As a reader I’ve been unfortunate enough to see two of my favorite series die recently. They are still being published, and the writers are still packing words between the covers. Unfortunately at some point the core value of the series died, at least for me.

I’ve read both series for the last half decade as they’ve come out. One of the two I’ve read since the beginning. The other I was among that second wave of readers that arrives when a series actually gains traction. It’s sad for me that after the last book in each, I can’t claim I want to go back or even that I look forward to the next entry.

The reason for this is pretty simple. In both cases they series are no longer what I liked about them. That core value to me as a reader is gone. In the case of the series I was a “second waver” to, its been a character driven series with a guy who was very much that “everyman” sort who was just fun to follow around because no matter how much sewage the world poured down his throat, he persevered with an attitude that said “is that the best you can do?” and would often win, eventually, with a less pointed version of Ice-T’s I told you, you should have killed me last year.” as his final rejoinder to whoever the adversary may have been. Before, during and after whatever action was woven into the story, the characters principles were never abandoned or compromised. That changed about two books ago. The first of them was still ok, the last one didn’t even resemble the series i fell in love with.

For the second series, its tougher to say just where it lost me. The most recent book proved there was far more I didn’t care for or about going on. This series made its mark as an action focused series that had good amounts of other stuff around it. The formula for the first half dozen or two books was only apparent when you read them all in a row, in the next handful, in part do to series bloat the formula stood out a bit more, but still held together. Since then the books have had what you can call either a punctuated equilibrium or an extended death throw for several books.

Some of the books after that handful have looked much like the early good books, some of them were much more like the most recent one. It was at one point, damn fine action of the variety that gets people excited and talking about it for days and weeks. Yet, now the series has lost it’s verve. Even the last book I enjoyed wasn’t nearly as much fun as the early books.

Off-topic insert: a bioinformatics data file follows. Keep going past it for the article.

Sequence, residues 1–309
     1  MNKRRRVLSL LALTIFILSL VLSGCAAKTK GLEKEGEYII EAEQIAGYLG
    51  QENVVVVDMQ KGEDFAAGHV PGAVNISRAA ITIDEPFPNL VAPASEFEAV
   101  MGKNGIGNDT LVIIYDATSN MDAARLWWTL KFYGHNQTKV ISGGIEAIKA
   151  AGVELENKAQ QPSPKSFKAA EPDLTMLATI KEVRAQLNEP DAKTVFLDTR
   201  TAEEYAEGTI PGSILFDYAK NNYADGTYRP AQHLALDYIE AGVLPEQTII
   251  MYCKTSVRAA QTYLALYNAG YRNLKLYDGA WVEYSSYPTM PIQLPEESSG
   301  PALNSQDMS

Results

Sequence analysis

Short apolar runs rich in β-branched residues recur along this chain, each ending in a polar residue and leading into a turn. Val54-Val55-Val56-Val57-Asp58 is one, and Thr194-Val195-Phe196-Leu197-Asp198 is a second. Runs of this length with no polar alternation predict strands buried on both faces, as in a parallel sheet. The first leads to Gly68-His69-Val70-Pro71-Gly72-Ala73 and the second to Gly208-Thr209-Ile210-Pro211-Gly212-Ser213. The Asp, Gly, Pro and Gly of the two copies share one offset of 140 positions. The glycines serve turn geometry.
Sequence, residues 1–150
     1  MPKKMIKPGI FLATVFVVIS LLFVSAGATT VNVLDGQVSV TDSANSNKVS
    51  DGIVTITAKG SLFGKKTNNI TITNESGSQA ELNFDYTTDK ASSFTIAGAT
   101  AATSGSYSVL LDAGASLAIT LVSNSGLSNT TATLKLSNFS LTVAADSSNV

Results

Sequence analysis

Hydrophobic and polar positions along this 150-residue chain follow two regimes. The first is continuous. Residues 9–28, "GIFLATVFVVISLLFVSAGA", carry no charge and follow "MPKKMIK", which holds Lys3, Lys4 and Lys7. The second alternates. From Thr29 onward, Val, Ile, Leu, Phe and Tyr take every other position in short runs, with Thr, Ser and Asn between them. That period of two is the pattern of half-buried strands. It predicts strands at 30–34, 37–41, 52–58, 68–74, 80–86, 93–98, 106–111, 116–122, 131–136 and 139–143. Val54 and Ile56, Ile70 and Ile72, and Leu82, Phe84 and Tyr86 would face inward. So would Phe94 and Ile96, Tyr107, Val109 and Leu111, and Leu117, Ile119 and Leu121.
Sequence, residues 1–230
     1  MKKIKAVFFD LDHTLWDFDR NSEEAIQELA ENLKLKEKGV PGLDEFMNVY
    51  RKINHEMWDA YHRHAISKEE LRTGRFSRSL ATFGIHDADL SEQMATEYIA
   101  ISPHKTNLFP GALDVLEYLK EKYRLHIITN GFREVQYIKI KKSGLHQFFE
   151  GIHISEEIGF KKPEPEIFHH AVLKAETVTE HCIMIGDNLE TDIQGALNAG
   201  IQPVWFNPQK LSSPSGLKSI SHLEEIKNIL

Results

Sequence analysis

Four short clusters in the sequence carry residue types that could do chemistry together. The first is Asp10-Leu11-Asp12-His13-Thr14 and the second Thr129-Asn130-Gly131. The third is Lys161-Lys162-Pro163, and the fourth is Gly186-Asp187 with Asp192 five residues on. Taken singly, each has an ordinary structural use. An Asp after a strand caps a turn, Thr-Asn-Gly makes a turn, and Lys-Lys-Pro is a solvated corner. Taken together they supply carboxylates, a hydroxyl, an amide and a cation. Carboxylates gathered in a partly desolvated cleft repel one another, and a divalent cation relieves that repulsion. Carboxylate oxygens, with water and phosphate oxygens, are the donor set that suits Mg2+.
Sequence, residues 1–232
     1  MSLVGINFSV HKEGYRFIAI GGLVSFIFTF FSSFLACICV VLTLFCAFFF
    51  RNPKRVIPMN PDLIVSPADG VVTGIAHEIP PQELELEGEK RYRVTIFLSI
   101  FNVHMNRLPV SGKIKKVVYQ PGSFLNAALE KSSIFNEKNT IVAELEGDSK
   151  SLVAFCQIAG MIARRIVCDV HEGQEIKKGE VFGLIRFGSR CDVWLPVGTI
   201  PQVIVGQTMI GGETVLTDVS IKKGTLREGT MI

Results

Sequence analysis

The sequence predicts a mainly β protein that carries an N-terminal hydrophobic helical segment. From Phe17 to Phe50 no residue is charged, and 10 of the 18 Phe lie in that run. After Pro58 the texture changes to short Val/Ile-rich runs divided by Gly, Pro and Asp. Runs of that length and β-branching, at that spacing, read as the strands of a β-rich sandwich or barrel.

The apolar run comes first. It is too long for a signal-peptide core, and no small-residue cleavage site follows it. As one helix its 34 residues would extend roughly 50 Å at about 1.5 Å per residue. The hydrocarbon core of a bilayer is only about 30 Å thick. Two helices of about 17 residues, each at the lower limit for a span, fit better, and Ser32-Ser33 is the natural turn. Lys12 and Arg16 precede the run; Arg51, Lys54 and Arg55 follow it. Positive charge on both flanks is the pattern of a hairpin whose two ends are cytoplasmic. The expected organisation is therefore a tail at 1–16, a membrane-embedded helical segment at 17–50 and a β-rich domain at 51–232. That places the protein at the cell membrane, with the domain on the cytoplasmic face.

In both books theirs been a big change to the secondary characters as well. In one series its the allies that have become corrupted or tainted. They’ve lost a lot of who they are, and possibly more importantly who they aspire to be. For the other series, the opposition has been wrecked upon the shoals of boring. The early heavies in this world were pretty sharp, cunning and devious. The most recent set look fresh out of the halls of some made for tv movie about brats at expensive boarding schools for middle schoolers. They lack any real depth or viability. It makes you wonder how even knowing how things are done in their neck of the woods it is they managed to get into power.

My questions I suppose are:

  • Got any good series to recommend to me?
  • What series have you seen die before your eyes, before they were no longer printed?
  • Is there are series you see as dying now?
  • What can you as a writer do to hold onto that “core value” of a series?

  • Alan Akers’ Scorpio/Kregan/Dray Prescot series is one that I was very fond of when I read it. Sword, Sorcery, and a little Science Fantasy tossed in as well. Didn’t take itself seriously.

    Laurell K. Hamilton’s Anita Blake series is… Hm. Well, if the core value is soft-core pr0n, it’s doing fine. But the ratio of plot to pr0n to feeeeeeeeeelings is very variable from book to book. But hey, pr0n!!

  • I think Hamilton’s Anita Blake died for me about eight books in.  Her Mercy series only worked for one book, for me.  I own the latest Sooky Stackhouse, but haven’t gotten around to reading it.  I used to read those no matter what I was supposed to be doing.  I read a lot of the Gor books – at least five of which came after the series died.  I lost interest in David Weber’s Honorverse a couple years ago.  I think Piers Anthony’s books lost flavor for me all at one time.  I have nine Xanths, several modes and most or all of the Split Infinity books, but stopped following all of them, even the ones that had definite ends in sight.

    I think that series always die, and it may not be the writer at all.  It might easily be that the readers have moved on.

    • Some series, yes you just move on because you or your life change in some way, and that has no fault for the author or the their editors. For others, like the two I mentioned you have to wonder if the same thing has happened to the writer.